An idea and a bug
2007-08-07 18:52:55 GMT
I'm hacking at my own version of IDLE to try to implement language support in Python. I found a bug.
1. The bug.
I'm using IDLE to work on a copy of IDLE in my home directory. I copy the idlelib directory to ~/jqidlelib , add "jq" to lines 2 and 22 of idle.py, open it in IDLE, and start hacking on the other files. If a hacked version of some other module is not open in IDLE and I press F5 to run idle.py, I get the desired behaviour (the modules are loaded from my hacked copies) but the error display is wacky. Errors refer to the line numbers of my hacked versions, but they give the path and code snippets from the actual IDLE directory.
2. My idea
I have started a discussion on the OLPC wiki and over email with some interested parties within OLPC about the way to do i18n (internat...ion) on Python. My idea is to have code on-disk in "real", english-based python, but to allow displaying and editing of that code in the user's native language. This means that there are systems for invisible, real-time, two-way translation of keywords, identifiers, and docstrings/comments. This is primarily aimed at a young demographic; I realize that there are plenty of "real programmers" who learn the keywords of a programming language in their abstract meaning, without knowing the everyday English meaning of those terms. (after all, "string", "hash", and "for" have meanings i n programming quite distinct from their everyday meanings anyway).
Keywords: dynamic two-way translation is easy.
Identifiers: supports initially creating identifiers in a native (unicode) language. When a translation is created later (using easy context menus and dictionary-based guessing support), the .py file is changed to include the English version, and the translation is stored in a parallel .p4n file. Translations of included modules are imported from their .p4n files. All clashes and character set issues are dealt with (using prefixes to escape, for instance) in order to keep the translation reversible at all times. This requires some minor modifications to python itself for the case when an imported module has added a translation but the calling code has not been edited since then so it still uses the non-english version of the identif ier. This case would be treated with extreme care to prevent security hazards.
Docstrings and comments: These are either escaped as "code" (using simple ascii markup) and translated using the same system as above, or translated on a by-line basis. Support would exist to do initial translation using some on-line babelfish-like tool.
I think the best way to explain all this is to implement it, so I'm doing so. Ideally, this implementation will be clean, simple, and unobtrusive enough that it will become a standard feature of IDLE, and even inspire inclusion in other IDEs - becoming standard within Python, and available for other languages and human-editable data formats.
ps. Here's how Mike Fletcher put his proposed solution, my emphasis added, the visual stuff he mentions is a separate issue:
* assume a progression from graphical, to local language, to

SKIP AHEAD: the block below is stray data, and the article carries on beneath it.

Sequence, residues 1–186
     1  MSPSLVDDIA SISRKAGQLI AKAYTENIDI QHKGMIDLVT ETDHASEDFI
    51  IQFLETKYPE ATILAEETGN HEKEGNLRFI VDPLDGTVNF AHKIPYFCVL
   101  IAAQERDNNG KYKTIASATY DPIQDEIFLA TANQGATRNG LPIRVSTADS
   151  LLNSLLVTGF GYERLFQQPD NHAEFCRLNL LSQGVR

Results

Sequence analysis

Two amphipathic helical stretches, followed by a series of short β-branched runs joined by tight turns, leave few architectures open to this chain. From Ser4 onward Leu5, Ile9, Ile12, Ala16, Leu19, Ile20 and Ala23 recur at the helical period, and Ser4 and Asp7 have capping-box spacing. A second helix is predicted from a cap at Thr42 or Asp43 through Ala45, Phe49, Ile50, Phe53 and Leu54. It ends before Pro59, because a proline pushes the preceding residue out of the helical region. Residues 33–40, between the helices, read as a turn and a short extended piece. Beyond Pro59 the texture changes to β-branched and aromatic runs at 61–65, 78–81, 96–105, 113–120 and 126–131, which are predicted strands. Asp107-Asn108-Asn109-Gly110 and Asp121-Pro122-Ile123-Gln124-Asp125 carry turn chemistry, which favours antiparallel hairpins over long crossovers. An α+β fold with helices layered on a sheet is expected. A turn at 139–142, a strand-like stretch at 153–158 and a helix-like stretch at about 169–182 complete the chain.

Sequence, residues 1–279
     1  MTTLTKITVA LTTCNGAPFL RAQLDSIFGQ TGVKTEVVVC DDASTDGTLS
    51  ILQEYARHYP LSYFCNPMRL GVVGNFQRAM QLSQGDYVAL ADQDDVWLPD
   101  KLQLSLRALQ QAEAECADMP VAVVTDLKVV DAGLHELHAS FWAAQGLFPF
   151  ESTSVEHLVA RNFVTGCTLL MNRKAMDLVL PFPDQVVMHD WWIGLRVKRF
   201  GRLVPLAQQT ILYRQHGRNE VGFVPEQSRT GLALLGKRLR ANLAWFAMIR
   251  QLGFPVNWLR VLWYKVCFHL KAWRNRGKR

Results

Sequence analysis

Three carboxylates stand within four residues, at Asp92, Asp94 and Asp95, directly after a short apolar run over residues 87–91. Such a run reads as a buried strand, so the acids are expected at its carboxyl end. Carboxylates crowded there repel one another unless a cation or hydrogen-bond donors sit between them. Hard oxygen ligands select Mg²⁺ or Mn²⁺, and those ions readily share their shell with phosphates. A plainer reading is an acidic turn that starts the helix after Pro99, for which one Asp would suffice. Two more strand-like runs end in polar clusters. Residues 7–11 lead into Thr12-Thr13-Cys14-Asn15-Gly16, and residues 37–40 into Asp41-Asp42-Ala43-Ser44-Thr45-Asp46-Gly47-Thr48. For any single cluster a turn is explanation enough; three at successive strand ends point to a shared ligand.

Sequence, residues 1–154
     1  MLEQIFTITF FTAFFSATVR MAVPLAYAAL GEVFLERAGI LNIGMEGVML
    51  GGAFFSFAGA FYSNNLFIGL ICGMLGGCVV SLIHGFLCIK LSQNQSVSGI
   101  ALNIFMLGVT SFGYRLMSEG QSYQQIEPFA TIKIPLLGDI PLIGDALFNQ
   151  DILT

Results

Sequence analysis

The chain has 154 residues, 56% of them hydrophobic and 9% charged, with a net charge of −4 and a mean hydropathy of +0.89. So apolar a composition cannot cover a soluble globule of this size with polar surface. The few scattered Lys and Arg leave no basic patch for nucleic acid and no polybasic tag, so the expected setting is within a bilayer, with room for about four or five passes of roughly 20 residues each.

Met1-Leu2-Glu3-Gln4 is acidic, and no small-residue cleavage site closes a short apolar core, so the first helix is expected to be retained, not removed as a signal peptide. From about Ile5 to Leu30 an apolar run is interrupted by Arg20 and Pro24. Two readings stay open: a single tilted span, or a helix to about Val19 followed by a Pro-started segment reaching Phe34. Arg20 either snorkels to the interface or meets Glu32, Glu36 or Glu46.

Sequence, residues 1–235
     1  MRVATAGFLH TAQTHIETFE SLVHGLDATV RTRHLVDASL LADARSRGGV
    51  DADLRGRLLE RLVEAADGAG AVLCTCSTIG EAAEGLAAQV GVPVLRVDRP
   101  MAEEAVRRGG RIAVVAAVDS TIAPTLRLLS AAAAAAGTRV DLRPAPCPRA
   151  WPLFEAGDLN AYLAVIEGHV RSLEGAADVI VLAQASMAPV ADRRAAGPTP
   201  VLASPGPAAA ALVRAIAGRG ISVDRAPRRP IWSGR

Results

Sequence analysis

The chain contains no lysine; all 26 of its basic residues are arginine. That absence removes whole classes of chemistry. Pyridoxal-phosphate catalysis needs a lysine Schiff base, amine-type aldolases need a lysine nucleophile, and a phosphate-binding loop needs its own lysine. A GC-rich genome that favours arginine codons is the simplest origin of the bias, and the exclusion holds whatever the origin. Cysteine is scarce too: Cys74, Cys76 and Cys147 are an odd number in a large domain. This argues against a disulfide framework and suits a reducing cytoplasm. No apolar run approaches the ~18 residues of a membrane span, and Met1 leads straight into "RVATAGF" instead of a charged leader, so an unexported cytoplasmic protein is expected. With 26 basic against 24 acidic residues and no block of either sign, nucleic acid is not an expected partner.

subset-of-English for those who want to become proficient programmers
o provide tools that let the children put blocks together in a
reasonably constrained environment
o show the children what putting the blocks together does in
their native language
o let the children edit the source-code in their own language
to start with
o allow the children to flip back and forth between
native-language keywords and English keywords
o support the children in translating to/from English for code
they want to publish
* for each component in the programming language (e.g. for loops,
while loops, variable assignment, etceteras)
o provide a visual form which implies the operation and allows
for drag-and-drop operation
o provide a canonical translation (which is also reserved
words/symbols/punctuation in the native language)
o provide a localized description of the operation (preferably
with some simple lessons on usage, maybe some demos with
sample code for each one, hook these up in the UI so that
the child can explore the idea behind the operation)
o when used, show the (standard) Python code generated by the
* for the special case of identifiers in the user's
o store all identifiers as transcoded ascii identifiers in
the source code on initial writing (before translation)
o display all identifiers as their non-transcoded versions in
o store the translation matrix in a separate file (to allow
for multiple translations)
* allow for a localization option that also translates keywords and
o uses the canonical translation
o allow the user to input any Unicode identifier as an
identifier which is not in the canonical translation
o typing in the localized version of "for" or "class" would
insert "for" and "class" into the stored code
* identifiers/keywords which have no translations are presented in
ascii (i.e. all current Python code would show up in English,
potentially with keywords in Arabic or Thai)
* have a tool that allows for querying e.g. BabelFish to get
translations from/to a given language for given identifiers
o allow for exporting any pure-ascii translation (e.g.
English) to the base file (updating the translation tables
as we do so)
o should provide both localization and internationalization
support (i.e. the same tool would allow the country to load
a common Python module and produce a translation for it)
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